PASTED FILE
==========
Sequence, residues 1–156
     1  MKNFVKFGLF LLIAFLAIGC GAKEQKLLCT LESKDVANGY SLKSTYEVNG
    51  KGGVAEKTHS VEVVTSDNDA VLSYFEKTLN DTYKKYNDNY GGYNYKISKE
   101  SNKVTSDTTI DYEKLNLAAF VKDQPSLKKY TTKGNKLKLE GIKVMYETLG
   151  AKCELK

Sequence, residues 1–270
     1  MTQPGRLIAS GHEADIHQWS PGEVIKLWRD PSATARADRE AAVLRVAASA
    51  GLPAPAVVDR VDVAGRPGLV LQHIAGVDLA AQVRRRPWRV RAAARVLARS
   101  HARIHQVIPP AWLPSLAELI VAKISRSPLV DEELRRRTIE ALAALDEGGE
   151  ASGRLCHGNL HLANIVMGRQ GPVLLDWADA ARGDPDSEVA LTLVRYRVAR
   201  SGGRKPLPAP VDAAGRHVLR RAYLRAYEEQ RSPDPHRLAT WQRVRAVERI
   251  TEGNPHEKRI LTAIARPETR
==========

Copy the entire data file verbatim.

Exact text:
Sequence, residues 1–156
     1  MKNFVKFGLF LLIAFLAIGC GAKEQKLLCT LESKDVANGY SLKSTYEVNG
    51  KGGVAEKTHS VEVVTSDNDA VLSYFEKTLN DTYKKYNDNY GGYNYKISKE
   101  SNKVTSDTTI DYEKLNLAAF VKDQPSLKKY TTKGNKLKLE GIKVMYETLG
   151  AKCELK

Sequence, residues 1–270
     1  MTQPGRLIAS GHEADIHQWS PGEVIKLWRD PSATARADRE AAVLRVAASA
    51  GLPAPAVVDR VDVAGRPGLV LQHIAGVDLA AQVRRRPWRV RAAARVLARS
   101  HARIHQVIPP AWLPSLAELI VAKISRSPLV DEELRRRTIE ALAALDEGGE
   151  ASGRLCHGNL HLANIVMGRQ GPVLLDWADA ARGDPDSEVA LTLVRYRVAR
   201  SGGRKPLPAP VDAAGRHVLR RAYLRAYEEQ RSPDPHRLAT WQRVRAVERI
   251  TEGNPHEKRI LTAIARPETR